Iliana Sosa on WHAT WE LEAVE BEHIND (SXSW 2022) – Leslie Combemale interviews

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What We Leave Behind won two awards at the fest, the Louis Black “Lone Star” Award, a jury prize created in 2011 to honor SXSW co-founder and director Louis Black, and the Fandor New Voices Award. “Fandor is honored to present Iliana Sosa with the first ever Fandor New Voices Award,” said Phil Hopkins, president of Fandor. “Our team was extremely moved by What We Leave Behind. Iliana beautifully captures the lives and vulnerability of her family, particularly Julián’s humanity, commitment to family and sense of humor in the face of mortality. What We Leave Behind embodies the type of captivating storytelling we work to elevate at Fandor. We could not be more excited to present Iliana with the Fandor New Voices Award.” As part of the Fandor New Voices Award, Sosa will receive a $7,500 cash prize and will have the opportunity to feature What We Leave Behind on Fandor’s independent film streaming service, available across web.

I interviewed Sosa about her film, and both the love and respect she has for her grandfather, and her appreciation for the wonderful crew that helped craft this award-winning documentary came through.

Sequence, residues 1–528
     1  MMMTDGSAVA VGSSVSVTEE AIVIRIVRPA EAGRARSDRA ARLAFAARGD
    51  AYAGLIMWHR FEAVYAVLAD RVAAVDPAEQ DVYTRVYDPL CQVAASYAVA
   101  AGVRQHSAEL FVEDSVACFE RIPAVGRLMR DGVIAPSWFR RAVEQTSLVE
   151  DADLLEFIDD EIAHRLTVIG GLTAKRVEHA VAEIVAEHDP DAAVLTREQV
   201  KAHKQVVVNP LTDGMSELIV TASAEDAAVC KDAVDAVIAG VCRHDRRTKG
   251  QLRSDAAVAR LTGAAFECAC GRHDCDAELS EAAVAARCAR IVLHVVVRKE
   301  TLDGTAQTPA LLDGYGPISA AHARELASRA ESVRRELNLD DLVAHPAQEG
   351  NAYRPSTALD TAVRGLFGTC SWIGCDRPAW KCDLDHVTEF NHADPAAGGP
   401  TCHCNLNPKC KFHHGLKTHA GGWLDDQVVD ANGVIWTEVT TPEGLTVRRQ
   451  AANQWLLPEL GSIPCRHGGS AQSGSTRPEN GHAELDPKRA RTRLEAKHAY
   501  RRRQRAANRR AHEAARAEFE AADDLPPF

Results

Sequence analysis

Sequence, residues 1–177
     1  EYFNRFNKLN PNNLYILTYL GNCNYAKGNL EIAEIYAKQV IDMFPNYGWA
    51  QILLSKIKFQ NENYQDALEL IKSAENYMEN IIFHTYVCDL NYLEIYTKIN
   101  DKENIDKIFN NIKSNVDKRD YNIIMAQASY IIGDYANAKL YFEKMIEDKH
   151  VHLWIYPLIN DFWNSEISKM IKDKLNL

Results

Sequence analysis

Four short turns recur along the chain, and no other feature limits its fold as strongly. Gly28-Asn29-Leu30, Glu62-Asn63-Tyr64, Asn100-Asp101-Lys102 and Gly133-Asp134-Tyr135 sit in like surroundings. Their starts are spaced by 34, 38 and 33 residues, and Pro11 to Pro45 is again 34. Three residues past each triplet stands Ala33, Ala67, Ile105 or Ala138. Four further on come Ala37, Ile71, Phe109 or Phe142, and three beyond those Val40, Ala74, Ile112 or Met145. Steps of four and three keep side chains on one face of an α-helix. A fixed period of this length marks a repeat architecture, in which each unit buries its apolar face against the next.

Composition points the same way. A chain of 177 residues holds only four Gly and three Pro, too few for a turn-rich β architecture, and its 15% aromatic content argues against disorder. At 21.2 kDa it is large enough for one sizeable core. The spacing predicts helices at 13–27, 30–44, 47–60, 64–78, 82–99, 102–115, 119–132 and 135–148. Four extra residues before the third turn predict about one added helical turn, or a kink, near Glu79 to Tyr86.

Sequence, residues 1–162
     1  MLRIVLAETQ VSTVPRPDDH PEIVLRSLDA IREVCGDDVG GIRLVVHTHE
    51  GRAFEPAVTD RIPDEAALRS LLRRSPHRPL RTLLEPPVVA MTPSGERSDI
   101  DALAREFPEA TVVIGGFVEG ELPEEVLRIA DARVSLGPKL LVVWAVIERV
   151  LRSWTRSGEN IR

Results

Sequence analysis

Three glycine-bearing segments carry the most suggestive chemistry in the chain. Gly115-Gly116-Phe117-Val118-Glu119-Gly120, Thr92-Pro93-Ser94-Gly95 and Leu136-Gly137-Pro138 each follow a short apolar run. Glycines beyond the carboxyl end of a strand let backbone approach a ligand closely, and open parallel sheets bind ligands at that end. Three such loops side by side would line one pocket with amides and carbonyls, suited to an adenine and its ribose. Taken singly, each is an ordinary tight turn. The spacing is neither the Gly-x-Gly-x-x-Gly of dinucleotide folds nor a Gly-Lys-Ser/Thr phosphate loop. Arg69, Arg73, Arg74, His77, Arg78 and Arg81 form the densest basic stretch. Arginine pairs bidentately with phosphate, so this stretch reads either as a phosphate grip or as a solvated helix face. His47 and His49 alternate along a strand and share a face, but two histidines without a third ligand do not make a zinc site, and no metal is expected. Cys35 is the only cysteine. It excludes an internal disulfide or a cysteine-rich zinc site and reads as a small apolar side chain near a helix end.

Leslie Combemale: Your grandfather, though he often had simple tastes, was always fascinating to watch. You spoke of his being a bracero during WW2, but can you speak to the many reasons why his experience as a person is universal in terms of being the subject of a documentary?

Iliana Sosa: During production, I was mostly trying to understand this man myself. He’d visited my family and me in El Paso on a monthly basis since I was a kid, but we’d never managed to forge a deep bond. His accent and vocabulary sometimes tripped me up, and he wasn’t a man to speak much about his emotions. Making the film allowed me to appreciate his presence, his body language, and his particular ways of speaking. And screening it, I’ve realized that many of us have trouble finding common language with our elders, especially when we’ve grown up in other countries or cultures.

LC: What were some of the qualities of his that made you most proud?